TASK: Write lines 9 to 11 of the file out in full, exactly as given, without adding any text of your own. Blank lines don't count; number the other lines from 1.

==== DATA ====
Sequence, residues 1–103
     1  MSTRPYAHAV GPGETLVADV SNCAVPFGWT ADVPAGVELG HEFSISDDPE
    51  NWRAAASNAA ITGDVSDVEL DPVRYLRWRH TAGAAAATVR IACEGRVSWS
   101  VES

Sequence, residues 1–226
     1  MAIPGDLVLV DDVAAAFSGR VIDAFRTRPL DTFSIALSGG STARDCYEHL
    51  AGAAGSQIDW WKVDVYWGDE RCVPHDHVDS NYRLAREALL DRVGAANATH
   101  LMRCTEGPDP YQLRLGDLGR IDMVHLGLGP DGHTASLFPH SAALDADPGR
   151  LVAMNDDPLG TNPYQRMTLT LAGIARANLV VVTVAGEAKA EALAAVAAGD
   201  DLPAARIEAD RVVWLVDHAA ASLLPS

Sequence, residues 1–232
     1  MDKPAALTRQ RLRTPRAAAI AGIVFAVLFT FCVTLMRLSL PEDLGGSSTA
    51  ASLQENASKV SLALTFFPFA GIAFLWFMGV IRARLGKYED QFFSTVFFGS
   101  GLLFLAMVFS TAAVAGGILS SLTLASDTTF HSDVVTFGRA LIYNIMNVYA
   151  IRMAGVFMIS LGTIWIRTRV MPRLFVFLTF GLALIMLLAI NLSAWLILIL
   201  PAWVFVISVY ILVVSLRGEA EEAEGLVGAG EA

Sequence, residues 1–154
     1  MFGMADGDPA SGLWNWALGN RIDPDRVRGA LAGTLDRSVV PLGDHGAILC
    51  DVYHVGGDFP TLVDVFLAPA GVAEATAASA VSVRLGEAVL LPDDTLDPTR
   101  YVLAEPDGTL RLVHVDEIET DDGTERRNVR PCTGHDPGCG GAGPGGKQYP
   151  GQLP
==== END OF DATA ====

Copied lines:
   151  LVAMNDDPLG TNPYQRMTLT LAGIARANLV VVTVAGEAKA EALAAVAAGD
   201  DLPAARIEAD RVVWLVDHAA ASLLPS

Sequence, residues 1–232